As commercial specialists, we think about growing the top line as four factors:
- Winning the right customers…
- … maximizing share of wallet …
- …with the right product mix…
- …and pricing those products effectively.
The right place to start on this list depends on the company: mature companies benefit most in their core business from product mix and price, as they more often have saturated their prospective customer bases; high-growth companies are often best off considering if they are targeting the right customers, and are positioned to win the maximum account potential (share of wallet) over time.
We have recently been exploring product price and mix considerations and have honed a methodology that is proving a useful tool to optimizing price. We continue to build and refine this methodology in collaboration with our clients, but I am eager to share a brief summary of it, hear your questions and suggestions, and I hope it may be useful in inspiring thinking for you.
Of course, we could expand the consideration to include product improvement in addition to pricing – but most companies do not have the capacity to continually redefine and reengineer their products, and waiting for the next product cycle to tackle pricing improvement can have a very significant opportunity cost. Furthermore, the implementation path for pricing journeys is nearly always much faster than for product transitions.
Our inspiration was seeing a gap in most organizations when it comes to pricing as a topic. Today, many organizations attack pricing in a sales lens (price controls), marketing lens (pricing strategy), product lens (product management), and/or strategy lens (typically one-off efforts). Our view is that much of the language and frameworks surrounding price are built in, and reflect, these four silos. This is fine when the pricing improvement opportunity is relatively straightforward – i.e., a technical question of price setting for existing SKUs. But more significant pricing improvements – i.e., large changes or new price structures – often sit unexploited waiting for the next product introduction to drive the coordination and analysis necessary to succeed. Our goal is to introduce a method (and critically, the framework and language) for tackling large pricing improvements more proactively.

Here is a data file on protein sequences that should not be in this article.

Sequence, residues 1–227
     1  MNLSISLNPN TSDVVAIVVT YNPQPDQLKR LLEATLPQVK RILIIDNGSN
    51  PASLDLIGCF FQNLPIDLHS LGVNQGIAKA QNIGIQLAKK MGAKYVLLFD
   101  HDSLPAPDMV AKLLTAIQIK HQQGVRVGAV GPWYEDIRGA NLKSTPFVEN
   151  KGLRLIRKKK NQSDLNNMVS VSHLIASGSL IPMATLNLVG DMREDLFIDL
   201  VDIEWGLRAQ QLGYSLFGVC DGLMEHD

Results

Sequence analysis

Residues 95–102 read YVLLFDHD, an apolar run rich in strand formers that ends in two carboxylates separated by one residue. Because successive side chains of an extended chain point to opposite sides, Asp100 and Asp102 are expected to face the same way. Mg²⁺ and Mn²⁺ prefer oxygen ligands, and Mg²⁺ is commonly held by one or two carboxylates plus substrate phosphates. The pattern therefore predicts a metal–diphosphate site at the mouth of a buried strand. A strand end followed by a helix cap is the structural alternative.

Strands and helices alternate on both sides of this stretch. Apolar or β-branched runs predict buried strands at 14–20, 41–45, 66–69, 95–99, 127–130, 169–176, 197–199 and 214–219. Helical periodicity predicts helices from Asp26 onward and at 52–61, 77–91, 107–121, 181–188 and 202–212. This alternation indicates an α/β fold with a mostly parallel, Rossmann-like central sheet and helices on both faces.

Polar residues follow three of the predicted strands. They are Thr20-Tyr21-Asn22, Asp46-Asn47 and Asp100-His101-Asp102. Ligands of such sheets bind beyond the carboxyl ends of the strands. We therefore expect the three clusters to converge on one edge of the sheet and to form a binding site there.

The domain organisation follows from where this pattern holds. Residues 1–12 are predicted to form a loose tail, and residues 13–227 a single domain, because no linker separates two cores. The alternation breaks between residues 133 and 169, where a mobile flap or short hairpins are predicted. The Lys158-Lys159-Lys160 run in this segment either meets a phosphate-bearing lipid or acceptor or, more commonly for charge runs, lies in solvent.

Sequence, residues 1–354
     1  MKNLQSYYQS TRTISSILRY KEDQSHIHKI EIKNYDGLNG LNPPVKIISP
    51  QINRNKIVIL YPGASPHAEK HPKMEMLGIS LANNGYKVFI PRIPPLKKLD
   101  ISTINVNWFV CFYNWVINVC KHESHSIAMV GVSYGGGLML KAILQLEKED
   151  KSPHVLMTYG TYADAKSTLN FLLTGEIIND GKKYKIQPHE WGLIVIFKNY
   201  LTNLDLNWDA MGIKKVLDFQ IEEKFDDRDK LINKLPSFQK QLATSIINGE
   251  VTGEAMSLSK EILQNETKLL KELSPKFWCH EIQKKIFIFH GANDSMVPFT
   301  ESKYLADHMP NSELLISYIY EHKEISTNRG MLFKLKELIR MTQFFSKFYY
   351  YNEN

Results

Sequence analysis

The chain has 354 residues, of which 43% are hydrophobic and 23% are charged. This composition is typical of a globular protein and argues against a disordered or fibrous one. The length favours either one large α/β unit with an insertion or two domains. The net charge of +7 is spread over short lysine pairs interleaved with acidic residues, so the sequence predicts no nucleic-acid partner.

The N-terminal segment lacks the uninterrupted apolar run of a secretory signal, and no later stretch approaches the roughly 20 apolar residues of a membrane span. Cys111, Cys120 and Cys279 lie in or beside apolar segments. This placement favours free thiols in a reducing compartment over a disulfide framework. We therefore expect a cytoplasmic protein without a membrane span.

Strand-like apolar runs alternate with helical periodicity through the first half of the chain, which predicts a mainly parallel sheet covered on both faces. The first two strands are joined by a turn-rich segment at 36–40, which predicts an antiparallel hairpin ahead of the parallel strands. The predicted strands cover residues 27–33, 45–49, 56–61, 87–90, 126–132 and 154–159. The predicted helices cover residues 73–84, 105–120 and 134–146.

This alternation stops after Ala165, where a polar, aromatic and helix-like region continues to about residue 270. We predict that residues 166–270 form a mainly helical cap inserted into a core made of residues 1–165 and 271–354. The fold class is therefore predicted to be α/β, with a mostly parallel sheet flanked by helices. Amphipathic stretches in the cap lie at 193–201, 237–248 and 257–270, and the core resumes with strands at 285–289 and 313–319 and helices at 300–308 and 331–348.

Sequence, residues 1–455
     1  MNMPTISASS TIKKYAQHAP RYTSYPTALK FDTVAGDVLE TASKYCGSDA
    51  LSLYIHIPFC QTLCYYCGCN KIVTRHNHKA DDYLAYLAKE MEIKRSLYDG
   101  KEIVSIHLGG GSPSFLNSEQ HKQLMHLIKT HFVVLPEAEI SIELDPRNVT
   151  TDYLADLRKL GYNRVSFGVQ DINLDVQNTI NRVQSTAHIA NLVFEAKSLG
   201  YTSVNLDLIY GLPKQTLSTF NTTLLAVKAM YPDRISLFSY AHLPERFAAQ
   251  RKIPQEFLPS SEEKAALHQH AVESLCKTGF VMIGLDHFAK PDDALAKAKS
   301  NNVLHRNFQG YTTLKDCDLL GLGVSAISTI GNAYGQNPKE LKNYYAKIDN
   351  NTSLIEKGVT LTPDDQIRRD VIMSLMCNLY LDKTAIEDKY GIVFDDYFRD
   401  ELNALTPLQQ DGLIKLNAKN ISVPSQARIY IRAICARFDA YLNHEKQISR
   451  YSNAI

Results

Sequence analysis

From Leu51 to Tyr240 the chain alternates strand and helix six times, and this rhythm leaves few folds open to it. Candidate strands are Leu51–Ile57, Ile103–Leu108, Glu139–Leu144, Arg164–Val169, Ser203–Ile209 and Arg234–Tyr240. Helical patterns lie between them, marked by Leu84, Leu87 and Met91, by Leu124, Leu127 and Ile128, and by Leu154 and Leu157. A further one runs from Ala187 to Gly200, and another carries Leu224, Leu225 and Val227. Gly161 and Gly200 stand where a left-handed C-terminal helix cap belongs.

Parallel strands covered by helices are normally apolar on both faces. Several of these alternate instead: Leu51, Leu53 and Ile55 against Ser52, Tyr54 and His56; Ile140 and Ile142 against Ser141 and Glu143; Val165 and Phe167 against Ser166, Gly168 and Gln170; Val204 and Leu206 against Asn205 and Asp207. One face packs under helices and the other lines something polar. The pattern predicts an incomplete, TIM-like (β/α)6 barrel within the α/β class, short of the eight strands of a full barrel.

We start the price improvement process with a detailed cross-functional brainstorm with Sales, Marketing, Service and Support, and Strategy (anyone who regularly touches pricing and customer interaction with pricing). The goal of the brainstorm is to identify feasible improved, future scenarios. Often this involves changes to one or more of:
- Pricing cycles – the frequency with which prices are adjusted
- Price coupling – the degree of contractual or de facto coupling of your product’s price against another good’s price, often benchmarked to an input, substitute, or industry competitor
- Price realization – the percent of list price that is actually realized as a pocket price
- Price premiumization – an increase in “mark-up” or gross margin
- Billing intervals – financing, subscriptions, gain-sharing, or other means for spreading customer’s cost
- Offer construction – bundling or unbundling of items in a sale
- Product mix improvement – a shift towards products with greater premiums
We call these feasible future scenarios “Destinations.” From here, you want to get deep into the customer “Journeys” that would lead to the Destinations you’ve envisioned. Journeys start with meeting customers where they’re at today: what are the needs that are addressed by your products (or services or solutions)? Does your Destination attach to any of those particular needs? What are the inhibitors that currently or in the future may stop customers from moving towards that Destination?
Journeys can differ by customer, so it’s important to think in terms of segments or archetypes for this work. Pricing improvement comes down to charting those journeys in real terms and setting realistic Destinations that you can achieve – preferably based on real market intelligence.
To start the conversation internally, we recommend sharing some of the vocabulary in this paper: “Journeys” are deliberately named to inspire thinking that involves multiple steps; “Destinations” imply that pricing strategy doesn’t need to be a one-and-done endeavor. And since Journeys can have multiple Destinations (interim and final), then you can lower the perceived stakes with your commercial team leaders and embolden them to dream bigger.
For more, stay tuned for our detailed white paper on Pricing Journeys. Or just reach out to us. We would love to engage.